5 Trends from Acquire or Be Acquired 2019

WASHINGTON, DC — To get a sense of what trended at Bank Director’s 25th annual Acquire or Be Acquired conference, here’s a link to five video check-ins.  All 2 minutes or less in length, these summarize various topics and trends shared with 1,300+ attendees.

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SAVE THE DATE:

Acquire or Be Acquired Conference
January 26-28, 2020 | Arizona Biltmore Resort | Phoenix, AZ

For early-bird registration, please click here.

Daily Briefing: Sunday at Acquire or Be Acquired

PHOENIX — When Bank Director first introduced our Acquire or Be Acquired Conference 25 years ago, some 15,000 banks operated in the United States. While that number has shrunk considerably — there are 5,120 banks today — the inverse holds true for the importance of this annual event. What follows are two short videos from our first day in the desert that surface a few key ideas shared with our 1,300+ attendees.

Three Interesting Stats:

  1. Of the 5,120 banks in the U.S., 4,631 are under $1Bn in asset size and 489 are over that amount.
  2. Two years ago, we talked about the sweet spot of banking being banks between $5B and $10B in asset size; now, its those with assets of $50B+.
  3. Digital channels drive 35% of primary banking relationship moves, while branches drive only 26%.

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  • Whether you are able to join us in person or are simply interested in following the conference conversations via our social channels, I invite you to follow @AlDominick @BankDirector and @Fin_X_Tech on Twitter. Search & follow #AOBA19 to see what is being shared with and by our attendees.
  • Everything You Need to Know About 2019’s Acquire or Be Acquired Conference

    WASHINGTON, DC — So, there’s this guy named Warren Buffet who has a few thoughts on business. This Nebraska-based investor once opined “I’d rather pay a fair price for a wonderful company than a wonderful price for a fair company.”  Quite sagacious — and appropriate to share in advance of our 25th annual Acquire or Be Acquired Conference which takes place January 27-29 at the JW Marriott Phoenix Desert Ridge in Arizona.

    Since we last hit the desert, several regional banks have been active in the M&A market — and may continue to look for merger opportunities to build up scale. In addition, we’ve seen how tax reform had a big impact on the industry, with many making investments to grow their business.

    Now, with the government shutdown straining our economy, big banks beating community banks on the digital front and shifting team & cultural dynamics, we have a lot of ground to cover over two-and-a-half days. Interested to see what we have planned? Take a look at the full agenda.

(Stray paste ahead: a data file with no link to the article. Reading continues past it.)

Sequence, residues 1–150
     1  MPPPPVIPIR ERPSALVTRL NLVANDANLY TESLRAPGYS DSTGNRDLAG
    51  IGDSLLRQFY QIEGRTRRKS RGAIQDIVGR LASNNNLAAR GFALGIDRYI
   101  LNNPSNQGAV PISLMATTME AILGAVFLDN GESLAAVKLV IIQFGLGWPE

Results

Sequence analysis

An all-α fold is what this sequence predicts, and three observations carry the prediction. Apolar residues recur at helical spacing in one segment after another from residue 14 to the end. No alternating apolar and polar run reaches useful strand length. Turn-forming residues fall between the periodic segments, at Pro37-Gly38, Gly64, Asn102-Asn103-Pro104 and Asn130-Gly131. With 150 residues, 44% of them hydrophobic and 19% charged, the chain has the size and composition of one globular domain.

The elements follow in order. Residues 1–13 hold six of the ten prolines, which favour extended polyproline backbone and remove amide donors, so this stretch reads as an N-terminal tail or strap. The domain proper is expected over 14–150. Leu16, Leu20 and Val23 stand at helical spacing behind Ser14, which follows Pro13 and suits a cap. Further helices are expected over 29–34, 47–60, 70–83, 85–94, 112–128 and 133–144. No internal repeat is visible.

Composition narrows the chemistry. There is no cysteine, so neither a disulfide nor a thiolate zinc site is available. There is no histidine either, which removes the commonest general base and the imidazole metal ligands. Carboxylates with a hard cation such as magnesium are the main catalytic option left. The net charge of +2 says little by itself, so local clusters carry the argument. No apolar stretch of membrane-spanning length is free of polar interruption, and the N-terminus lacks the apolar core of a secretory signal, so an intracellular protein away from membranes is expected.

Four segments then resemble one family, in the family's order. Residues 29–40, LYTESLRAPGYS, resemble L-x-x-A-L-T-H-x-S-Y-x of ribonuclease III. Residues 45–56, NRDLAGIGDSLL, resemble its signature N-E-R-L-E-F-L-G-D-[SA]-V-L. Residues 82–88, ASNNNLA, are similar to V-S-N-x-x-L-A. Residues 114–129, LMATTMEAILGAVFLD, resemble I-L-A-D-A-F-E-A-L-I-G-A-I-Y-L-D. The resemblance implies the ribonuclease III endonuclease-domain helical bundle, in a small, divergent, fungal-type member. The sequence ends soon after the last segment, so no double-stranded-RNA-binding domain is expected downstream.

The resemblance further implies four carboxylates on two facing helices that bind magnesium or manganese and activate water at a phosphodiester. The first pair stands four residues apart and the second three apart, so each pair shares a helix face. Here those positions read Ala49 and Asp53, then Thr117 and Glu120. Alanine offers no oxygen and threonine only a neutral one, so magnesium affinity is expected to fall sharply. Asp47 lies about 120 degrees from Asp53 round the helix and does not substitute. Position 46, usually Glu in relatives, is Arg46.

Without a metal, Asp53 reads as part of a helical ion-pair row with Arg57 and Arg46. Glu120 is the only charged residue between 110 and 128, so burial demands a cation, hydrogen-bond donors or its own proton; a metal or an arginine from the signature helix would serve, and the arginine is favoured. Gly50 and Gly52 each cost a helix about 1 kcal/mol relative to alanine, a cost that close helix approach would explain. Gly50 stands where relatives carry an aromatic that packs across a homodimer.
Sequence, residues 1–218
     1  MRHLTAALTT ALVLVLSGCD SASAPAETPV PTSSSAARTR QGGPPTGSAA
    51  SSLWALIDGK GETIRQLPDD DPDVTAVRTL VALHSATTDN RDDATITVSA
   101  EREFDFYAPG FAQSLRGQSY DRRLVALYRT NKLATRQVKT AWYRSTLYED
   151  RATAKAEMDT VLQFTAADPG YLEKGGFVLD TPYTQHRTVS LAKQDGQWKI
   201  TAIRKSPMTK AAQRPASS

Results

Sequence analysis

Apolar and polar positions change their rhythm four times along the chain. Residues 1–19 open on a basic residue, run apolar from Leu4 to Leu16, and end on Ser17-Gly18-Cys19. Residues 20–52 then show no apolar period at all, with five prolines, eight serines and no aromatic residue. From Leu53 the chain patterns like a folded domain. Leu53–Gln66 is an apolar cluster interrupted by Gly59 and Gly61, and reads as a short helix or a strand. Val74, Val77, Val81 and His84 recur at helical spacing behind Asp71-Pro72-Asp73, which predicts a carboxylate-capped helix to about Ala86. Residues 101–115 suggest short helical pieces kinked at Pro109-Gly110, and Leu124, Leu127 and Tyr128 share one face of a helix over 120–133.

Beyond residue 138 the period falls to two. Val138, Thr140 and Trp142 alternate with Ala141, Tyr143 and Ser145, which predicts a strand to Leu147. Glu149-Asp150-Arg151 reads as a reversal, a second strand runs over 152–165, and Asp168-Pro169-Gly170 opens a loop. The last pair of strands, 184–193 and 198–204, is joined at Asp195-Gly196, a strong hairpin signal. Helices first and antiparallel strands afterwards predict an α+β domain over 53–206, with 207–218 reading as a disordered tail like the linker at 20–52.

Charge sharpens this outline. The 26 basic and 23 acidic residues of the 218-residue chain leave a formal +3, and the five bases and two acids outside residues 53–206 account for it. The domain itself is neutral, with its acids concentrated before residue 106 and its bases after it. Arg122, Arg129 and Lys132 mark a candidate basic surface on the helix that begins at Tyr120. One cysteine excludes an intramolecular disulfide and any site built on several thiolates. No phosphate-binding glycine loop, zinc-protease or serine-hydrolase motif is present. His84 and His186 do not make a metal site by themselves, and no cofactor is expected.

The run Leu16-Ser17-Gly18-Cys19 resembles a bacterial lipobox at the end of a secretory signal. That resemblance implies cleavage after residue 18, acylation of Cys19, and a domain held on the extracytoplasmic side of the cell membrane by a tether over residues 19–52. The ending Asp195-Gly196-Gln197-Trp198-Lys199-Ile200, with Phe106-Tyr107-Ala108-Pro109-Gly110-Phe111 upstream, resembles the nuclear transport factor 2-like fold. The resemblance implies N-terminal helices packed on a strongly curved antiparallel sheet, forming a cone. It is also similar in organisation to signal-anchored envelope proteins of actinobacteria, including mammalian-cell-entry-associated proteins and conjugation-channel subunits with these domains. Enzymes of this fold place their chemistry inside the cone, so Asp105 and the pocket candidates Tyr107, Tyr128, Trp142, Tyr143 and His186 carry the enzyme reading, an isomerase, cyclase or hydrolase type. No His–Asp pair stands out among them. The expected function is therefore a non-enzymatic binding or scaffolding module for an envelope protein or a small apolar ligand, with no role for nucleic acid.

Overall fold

While I am excited to reconnect with quite a few folks, I am particularly interested in a number of strategic issues that will be discussed. For instance:

    1. Since the stock market doesn’t always reward longer-term thinking, what does a bank’s CEO needs to focus on, especially with many stocks being valued as if a recession is imminent;
    2. How can regional and local banks boost their deposits given the biggest banks 2018 deposit gather successes;
    3. How laggards to the digital movement can catch up with their peers? (One suggestion: take a look at Finxact, a “Tesla-like” financial technology company that offers an innovative, open-core banking platform. I believe it will quickly become a legitimate challenger to FIS, Jack Henry and Fiserv);
    4. The M&A outlook for 2019;
    5. How institutions can gain/acquire/rent the skills needed to vet and negotiate with potential FinTech partners;
    6. When we might see IPOs — realizing the SEC has to re-open before this occurs; and
    7. How many new bank applications will be approved by the FDIC, realizing that 14 were last year.

    For those joining us in Arizona, I encourage men to bring a sports coat or a jacket for the evenings as we plan to be outside for our receptions and the desert quickly cools off once the sun sets. In addition, the rumors of people being in their seats at 7:15 – 7:30 on Sunday morning? 100% true. We start at 7:45 AM and there are quite a few pictures from last January’s event if you need visual proof.

    Finally, the digital materials for the conference can be found on BankDirector.com. Once you register on-site, you’ll be given a passcode to access the materials that can be used throughout the event.